Thursday, 17 May 2012

To bail out or be bailed out. Greece and the euro.




Having spent the best part of six months writing, reading and thinking about road design and cycling policy, I’m back to thinking political economy for a moment.

This was brought about largely by the increasing likelihood of Greece leaving the euro, with anti-bailout parties looking set to perform well in next month’s Greek elections.

David Cameron gave an entertaining speech in response to developments, asking for Europe to provide “a committed, stable, successful euro zone” that he doesn’t want any British involvement with anyway. Cameron also proposed the need for “well-capitalised and regulated banks, and a system of fiscal burden sharing” that he has shown no great enthusiasm for introducing within the UK. Bear in mind that our own plan for bringing the banking sector to heel, Project Merlin, is named after a magician.

All this is only context. The most striking thing about the prophecies of doom surrounding Greece is what they omit to mention. Reuters ran a report on the hundreds of billions of euros that a Greek exit will cost the euro zone. The Centre for Economic and Business Research gave an upwards projection of $1tn (€786bn) as the cost of an exit.

Neither mentions that the European Central Bank (ECB) is exposed to half a trillion euros of debt in Greece, Portugal, Italy, Ireland and Spain. The ECB sits on less than €100bn of capital, and €240bn of existing bailouts have obviously failed to move Greece into financial safety. What we have is talk about the potential losses of a Greek exit from the euro, without mention that Greece’s continuing presence in the euro zone is also riddled with losses that have failed to bring any improvements in the situation.

Key to the idea of a Greek exit is that a return to the drachma would bring an approximately 50-70% depreciation against the euro-denominated value of Greek assets. What this does not factor-in is that with unemployment at 21% and the minimum wage down 20%, the fewer monetary units people have, the less important the value of each of those units becomes. A 40% increase in the suicide rate suggests that the Greek population is not exactly being well-served by the status quo.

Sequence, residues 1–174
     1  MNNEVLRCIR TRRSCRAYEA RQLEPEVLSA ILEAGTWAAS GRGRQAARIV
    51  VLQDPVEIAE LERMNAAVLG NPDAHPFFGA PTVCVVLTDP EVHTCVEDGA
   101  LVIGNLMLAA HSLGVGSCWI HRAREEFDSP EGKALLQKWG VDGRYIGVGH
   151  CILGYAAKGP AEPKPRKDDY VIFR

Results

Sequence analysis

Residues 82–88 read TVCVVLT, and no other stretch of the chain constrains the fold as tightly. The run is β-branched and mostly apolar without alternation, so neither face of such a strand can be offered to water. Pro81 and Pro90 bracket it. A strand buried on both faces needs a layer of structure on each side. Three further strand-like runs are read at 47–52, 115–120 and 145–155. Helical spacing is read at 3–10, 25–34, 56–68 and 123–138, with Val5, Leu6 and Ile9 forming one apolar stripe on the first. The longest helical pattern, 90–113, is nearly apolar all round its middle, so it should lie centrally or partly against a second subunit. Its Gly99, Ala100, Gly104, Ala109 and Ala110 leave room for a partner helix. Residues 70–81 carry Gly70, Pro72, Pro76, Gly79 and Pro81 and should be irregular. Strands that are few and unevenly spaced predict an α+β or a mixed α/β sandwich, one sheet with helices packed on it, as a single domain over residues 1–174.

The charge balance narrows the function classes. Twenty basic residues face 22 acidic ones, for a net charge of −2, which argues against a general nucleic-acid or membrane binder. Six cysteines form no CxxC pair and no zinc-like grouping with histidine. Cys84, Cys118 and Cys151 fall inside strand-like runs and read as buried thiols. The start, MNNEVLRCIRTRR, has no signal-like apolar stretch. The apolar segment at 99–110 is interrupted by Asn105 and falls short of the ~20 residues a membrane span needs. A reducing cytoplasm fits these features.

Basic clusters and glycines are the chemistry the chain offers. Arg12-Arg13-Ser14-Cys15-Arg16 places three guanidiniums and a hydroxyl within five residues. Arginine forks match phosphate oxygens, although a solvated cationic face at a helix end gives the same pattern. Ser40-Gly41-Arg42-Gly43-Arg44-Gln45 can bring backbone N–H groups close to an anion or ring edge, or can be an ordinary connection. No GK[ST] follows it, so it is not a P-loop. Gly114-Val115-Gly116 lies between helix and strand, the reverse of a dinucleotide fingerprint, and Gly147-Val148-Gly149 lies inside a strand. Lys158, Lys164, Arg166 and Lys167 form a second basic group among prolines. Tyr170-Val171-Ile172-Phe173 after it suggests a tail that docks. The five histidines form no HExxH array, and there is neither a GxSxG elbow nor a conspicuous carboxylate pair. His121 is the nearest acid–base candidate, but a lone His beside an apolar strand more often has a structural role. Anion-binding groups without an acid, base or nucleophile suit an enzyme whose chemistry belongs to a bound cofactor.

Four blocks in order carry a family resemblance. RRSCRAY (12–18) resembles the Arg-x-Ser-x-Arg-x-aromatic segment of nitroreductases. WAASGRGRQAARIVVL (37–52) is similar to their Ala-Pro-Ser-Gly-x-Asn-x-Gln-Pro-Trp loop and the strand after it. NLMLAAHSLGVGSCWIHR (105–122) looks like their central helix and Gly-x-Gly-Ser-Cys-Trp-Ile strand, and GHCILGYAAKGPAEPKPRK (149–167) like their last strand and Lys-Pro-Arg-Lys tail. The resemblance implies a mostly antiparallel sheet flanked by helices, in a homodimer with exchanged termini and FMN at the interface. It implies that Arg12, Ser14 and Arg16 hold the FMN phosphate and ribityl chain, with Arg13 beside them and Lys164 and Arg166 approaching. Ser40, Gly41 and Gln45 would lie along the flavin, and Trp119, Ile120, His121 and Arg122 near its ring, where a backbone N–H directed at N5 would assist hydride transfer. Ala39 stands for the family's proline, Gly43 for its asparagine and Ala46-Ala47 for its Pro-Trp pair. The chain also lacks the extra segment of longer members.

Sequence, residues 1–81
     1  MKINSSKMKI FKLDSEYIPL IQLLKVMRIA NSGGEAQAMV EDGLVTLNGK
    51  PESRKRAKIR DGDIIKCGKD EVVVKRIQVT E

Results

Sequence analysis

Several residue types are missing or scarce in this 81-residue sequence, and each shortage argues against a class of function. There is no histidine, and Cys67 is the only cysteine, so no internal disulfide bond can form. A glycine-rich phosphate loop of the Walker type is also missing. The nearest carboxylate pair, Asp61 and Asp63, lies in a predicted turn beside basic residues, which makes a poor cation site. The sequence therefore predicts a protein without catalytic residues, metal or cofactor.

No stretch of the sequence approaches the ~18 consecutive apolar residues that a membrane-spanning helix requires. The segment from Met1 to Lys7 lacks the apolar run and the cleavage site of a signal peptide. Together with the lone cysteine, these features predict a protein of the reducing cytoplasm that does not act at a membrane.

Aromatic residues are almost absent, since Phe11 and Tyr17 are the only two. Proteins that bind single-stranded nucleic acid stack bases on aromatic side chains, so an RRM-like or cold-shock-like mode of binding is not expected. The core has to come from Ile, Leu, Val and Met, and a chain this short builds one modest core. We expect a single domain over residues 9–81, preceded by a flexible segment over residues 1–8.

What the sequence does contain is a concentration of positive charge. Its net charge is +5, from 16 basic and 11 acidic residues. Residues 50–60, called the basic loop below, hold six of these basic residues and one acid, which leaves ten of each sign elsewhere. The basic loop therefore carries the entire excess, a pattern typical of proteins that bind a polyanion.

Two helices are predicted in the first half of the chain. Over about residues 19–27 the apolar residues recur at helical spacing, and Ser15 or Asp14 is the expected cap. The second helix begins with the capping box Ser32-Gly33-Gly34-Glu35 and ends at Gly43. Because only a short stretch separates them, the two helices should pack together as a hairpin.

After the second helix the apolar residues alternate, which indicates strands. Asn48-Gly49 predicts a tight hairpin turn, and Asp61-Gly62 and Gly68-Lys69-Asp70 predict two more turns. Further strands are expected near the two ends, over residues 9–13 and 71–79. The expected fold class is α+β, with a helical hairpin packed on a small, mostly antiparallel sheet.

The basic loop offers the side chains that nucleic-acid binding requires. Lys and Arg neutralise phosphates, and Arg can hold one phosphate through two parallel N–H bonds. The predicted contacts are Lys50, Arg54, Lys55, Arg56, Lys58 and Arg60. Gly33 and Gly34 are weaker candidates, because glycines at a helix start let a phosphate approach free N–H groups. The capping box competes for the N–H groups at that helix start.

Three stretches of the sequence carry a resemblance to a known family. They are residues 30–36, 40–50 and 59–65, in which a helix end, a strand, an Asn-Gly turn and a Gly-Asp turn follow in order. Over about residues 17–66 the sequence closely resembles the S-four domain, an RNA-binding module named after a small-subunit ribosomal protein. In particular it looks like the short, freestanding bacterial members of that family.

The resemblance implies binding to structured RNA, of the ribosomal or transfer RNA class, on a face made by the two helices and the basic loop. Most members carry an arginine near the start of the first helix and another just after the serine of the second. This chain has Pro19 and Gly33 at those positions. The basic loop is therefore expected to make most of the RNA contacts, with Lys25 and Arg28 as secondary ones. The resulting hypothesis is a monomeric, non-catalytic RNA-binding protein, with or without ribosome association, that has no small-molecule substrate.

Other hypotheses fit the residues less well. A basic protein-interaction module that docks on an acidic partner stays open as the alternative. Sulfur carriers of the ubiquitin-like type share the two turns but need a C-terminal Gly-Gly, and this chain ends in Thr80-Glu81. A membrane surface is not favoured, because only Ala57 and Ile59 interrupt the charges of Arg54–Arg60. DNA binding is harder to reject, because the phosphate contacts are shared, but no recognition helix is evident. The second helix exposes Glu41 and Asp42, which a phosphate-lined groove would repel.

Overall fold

One of the few positive stories to emerge recently from Greece was its so-called Potato Revolution, in which farmers have begun selling directly to customers, enabling cheaper prices and higher profits for themselves. The good news is that potatoes grow irrespective of currencies, and given the fact that so many Greeks are receiving fewer and fewer euros, preserving those as euros rather than drachma is helping financial institutions rather than people. The less you get out of an economy, the less you suffer when it loses money.

The problem for the ECB now is that it needs Greece. The anthropology of markets is rarely discussed, but the mantra of financial discipline needs a pariah. A Greek presence in the Eurozone maintains the veneer of a system that is hard-going, but that ultimately works. If Greece leaves the euro then it will be evidence of the fact, only recently acknowledged, that such a thing is possible at all. The experience of Iceland, with 3% post-crisis growth, suggests that the Greeks could stand to benefit from bailing on the Eurozone, rather than being bailed out by it. The ECB will then have to grapple with increased financial pressure on Spain, Portugal, Italy and Ireland, with each of these nations no longer convinced of the permanence of the single currency.

A final consideration worthy of mention is that of the European Financial Stability Facility (EFSF), set up to help Greece (and others) with debt obligations. This week saw Der Spiegel begin discussing the possibility that it will be diverted to help Greece’s creditors in the event of a default. This returns us to a scenario in which banks are let-off the hook for bad lending, even after the debts themselves have been formally defaulted upon by the initial debtor. What will become clear in such circumstances is that priority was never a rescue of the Greeks, but further taxpayer subsidy for the failures of Europe’s banking institutions.

If Greece does leave the euro, the most significant result will not be the numbers and percentage points attached to that event, but the statement that options exist outside the religion of international financial institutions. For the Greeks neither path will be pleasant, but some courses of action are less hopeless than others.

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